Soft Masterpiece

Muhammad Ali examines the success of Lala Begum, the award-winning film by Mohammed Ahmed and Mehreen Jabbar

Soft Masterpiece
The duo of Mohammed Ahmed and Mehreen Jabbar, formed in the late 1990’s, has a rich history of working together. Mohammed Ahmed has not only presented himself as a performer in Mehreen Jabbar’s popular drama serials such as Doraha, Daam and Mata-e-Jaan, but has also written prolifically for her, examples being some episodes from the series Kahaniyaan, films Ramchand Pakistani and Dil Mera Dharkan Teri (remake), telefilms Ghoonghat and Hum Chal eAaye, and the comedy serial Coke Kahani. Mohammed Ahmed’s simple and relatable stories are presented in a poetic manner by Mehreen Jabbar, making these works attractive for the viewers. In 2016, when six filmmakers from India and six filmmakers from Pakistan collaborated to make films as a part of the Zeal for Unity project, one of the three duos from Pakistan was of Ahmed and Jabbar, who produced the award-winning film, Lala Begum.

The story of Lala Begum revolves around two sisters, Mehr and Sehr, performed by Marina Khan and Sonia Rehman, the former being a woman who is uptight in her rules and regulations to such an extent that she does not even agree to a frank conversation with her own sister, no matter how important it may be; and the latter being a rebellious lady, modern in her attire and approach. Mehr lives alone in a dwelling bequeathed to her by her father, Rafeequllah Syed (Shehryar Zaidi), accompanied only by a house-keeper named Akram, performed by Mohammed Ahmed himself. Sehr comes back to her sister after being widowed, and issues from more than a decade ago begin to come up again, resulting in repeated quarrels between the sisters.

The tale is a fine example of the binary of appearance and reality

The characters have been developed in such a manner that the initial gestures of both the elder and the younger sister are neither made to appeal the viewers, nor demand their sympathies. Mehr’s priggishness about dressing, language and mannerisms becomes suffocating, and Sehr’s rebellion manifests itself in the form of smoking and flirting only.

It is as the story moves forward that the dynamicity and the well-roundedness of characters is revealed. While a soft song in flashback acquaints the viewers with the sisters’ beautiful childhood spent together, the diary of Mehr, also a fine symbol of her tenacity, reveals the causes of her solemnity, and Mehr’s opening up about her matrimonial life explains why she is eager to free herself of all chains and fly.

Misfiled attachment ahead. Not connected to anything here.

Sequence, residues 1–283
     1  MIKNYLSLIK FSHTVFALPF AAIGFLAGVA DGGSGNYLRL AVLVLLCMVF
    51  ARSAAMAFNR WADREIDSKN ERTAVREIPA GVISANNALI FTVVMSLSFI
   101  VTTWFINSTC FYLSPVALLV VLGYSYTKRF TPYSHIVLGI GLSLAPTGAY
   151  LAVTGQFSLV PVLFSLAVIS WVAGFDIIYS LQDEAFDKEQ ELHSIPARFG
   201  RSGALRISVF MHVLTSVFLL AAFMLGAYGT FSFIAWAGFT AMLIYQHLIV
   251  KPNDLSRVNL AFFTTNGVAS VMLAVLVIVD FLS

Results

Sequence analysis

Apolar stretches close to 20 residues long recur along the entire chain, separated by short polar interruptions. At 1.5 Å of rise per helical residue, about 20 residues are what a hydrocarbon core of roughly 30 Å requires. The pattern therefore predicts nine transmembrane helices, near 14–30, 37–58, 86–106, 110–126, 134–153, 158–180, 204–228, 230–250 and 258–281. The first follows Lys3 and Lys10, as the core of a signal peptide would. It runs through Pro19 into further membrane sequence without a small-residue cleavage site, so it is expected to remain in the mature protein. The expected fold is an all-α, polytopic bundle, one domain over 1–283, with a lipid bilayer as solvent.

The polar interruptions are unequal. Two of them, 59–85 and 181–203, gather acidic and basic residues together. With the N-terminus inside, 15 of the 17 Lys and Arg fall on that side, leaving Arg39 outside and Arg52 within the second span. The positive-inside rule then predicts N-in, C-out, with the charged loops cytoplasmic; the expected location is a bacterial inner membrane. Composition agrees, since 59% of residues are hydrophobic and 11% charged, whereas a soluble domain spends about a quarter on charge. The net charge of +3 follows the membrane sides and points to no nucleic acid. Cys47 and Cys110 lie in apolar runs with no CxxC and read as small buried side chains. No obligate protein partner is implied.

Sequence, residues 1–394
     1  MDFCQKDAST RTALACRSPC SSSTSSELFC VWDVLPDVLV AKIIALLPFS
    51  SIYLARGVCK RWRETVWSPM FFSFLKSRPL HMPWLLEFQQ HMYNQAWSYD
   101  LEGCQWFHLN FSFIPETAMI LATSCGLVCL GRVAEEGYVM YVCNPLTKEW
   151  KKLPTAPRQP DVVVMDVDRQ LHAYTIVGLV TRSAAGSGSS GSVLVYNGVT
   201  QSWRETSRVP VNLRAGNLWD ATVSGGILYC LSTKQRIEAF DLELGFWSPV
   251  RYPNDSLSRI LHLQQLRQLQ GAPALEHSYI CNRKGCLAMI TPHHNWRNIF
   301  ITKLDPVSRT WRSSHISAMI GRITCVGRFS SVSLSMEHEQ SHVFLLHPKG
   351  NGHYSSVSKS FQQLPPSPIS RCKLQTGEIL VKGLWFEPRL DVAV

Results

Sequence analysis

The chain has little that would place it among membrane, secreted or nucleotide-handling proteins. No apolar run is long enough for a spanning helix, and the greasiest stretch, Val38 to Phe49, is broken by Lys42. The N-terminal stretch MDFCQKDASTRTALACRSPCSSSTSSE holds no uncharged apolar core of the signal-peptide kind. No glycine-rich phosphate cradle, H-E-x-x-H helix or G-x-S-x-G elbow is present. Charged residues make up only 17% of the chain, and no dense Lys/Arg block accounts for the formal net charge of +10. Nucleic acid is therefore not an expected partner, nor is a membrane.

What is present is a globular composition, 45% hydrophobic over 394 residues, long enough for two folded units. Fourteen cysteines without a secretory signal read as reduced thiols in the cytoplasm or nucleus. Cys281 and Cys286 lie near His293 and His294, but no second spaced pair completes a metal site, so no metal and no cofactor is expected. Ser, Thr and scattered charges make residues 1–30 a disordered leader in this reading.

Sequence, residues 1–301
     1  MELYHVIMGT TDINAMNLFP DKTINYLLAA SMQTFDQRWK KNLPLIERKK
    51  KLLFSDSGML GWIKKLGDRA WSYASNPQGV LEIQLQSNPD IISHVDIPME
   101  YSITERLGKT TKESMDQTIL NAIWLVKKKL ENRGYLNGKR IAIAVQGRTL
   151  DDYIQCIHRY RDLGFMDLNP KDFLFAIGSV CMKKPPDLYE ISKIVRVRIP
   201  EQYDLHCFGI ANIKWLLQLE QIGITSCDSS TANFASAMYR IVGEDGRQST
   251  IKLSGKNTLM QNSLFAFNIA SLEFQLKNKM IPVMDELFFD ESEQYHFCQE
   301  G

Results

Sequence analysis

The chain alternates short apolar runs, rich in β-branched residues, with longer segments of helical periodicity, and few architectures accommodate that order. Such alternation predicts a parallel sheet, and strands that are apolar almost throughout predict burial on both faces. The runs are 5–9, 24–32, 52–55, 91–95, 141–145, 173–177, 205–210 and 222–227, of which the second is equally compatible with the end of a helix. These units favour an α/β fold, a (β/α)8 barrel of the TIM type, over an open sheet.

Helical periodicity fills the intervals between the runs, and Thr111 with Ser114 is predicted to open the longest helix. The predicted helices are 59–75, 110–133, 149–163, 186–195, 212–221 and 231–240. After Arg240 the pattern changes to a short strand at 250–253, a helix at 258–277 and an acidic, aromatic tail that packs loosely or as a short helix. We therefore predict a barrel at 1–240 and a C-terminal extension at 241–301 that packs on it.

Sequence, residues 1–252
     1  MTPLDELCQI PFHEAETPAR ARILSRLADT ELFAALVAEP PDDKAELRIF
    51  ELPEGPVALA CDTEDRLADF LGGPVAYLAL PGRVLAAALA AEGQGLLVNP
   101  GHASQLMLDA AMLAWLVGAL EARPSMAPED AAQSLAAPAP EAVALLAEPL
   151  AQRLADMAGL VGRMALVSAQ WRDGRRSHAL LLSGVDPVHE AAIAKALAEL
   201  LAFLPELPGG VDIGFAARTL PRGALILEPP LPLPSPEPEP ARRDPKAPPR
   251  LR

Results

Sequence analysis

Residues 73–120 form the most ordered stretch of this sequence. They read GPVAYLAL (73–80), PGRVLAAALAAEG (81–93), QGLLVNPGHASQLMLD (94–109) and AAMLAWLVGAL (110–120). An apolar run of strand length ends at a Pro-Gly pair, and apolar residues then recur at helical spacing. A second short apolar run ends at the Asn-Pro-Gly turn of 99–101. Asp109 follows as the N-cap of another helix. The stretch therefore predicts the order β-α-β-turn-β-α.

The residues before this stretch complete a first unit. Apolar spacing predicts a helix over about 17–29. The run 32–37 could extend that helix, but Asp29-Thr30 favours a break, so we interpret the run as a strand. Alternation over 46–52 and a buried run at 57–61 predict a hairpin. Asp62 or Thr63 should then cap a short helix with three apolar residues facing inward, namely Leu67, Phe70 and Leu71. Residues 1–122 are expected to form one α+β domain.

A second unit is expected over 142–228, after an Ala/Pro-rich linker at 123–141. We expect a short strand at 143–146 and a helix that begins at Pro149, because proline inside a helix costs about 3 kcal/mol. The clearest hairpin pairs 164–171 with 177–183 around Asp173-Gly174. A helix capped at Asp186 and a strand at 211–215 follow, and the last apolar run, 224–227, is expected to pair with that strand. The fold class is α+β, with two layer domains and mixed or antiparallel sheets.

The tale is a fine example of the binary of appearance and reality. It shows how appearances may not always be a true reflection of a person’s inside, and attitudes, no matter how abominable, can be justified by delving deeper into people’s hearts. The message it seems to convey is that speaking about issues is extremely important and may save a lot of lives from being destroyed, for neither Mehr (Lala Begum) objects to the restrictions imposed on her, nor does Sehr reveal anything about her days spent away from her sister, resulting in both the women’s lives becoming living hells.

Lala Begum is soft in its presentation, owing to its refined use of Urdu language and the light music by Ustaaz, serene in its aura. A sombre look has been given to the film with ineluctable focus on water-sprinkling dainty fountains, artistically carved furniture and plant-pots galore – making the film a complete work of art.

While Mohammed Ahmed has reverted to Urdu language after many years of focussing on Punjabi characters, Mehreen Jabbar also seems to have made a comeback to her characteristic style of direction involving a fresh camera-look, veteran actors like Marina Khan, Sonia Rehman, Humayun Saeed, Jahan Ara Hai and Mohammed Ahmed, and a conspicuous flawlessness, the kind of which was observable in her serials, Aur Zindagi Badalti Hai, Malal and Vasl. The film has acted as a break from commercialism for both, providing them an opportunity to express their creativity and artistic abilities in the best possible manner. The proofs are the two awards which Lala Begum has won – one for the best screenplay at the South Asian Film Festival held in Washington DC, and the other for the best film at the Pakistan International Film Festival.

The writer is a student of English Language and Literature at GCU, Lahore, and can be reached at

The author is a lecturer in English at the Government College University, Lahore, with his research interests including Partition Novel, Classic and Contemporary Pakistani Television Drama, and South Asian Environmental Literature. He has written extensively on these topics for various local newspapers and has also presented on them at multiple platforms including Olomopolo and both national and international conferences. Recently, his research paper on identities shaped by water got published by Wilfrid Laurier University, Canada under the banner of ALECC (Association for Literature, Environment, and Culture in Canada). He can be reached at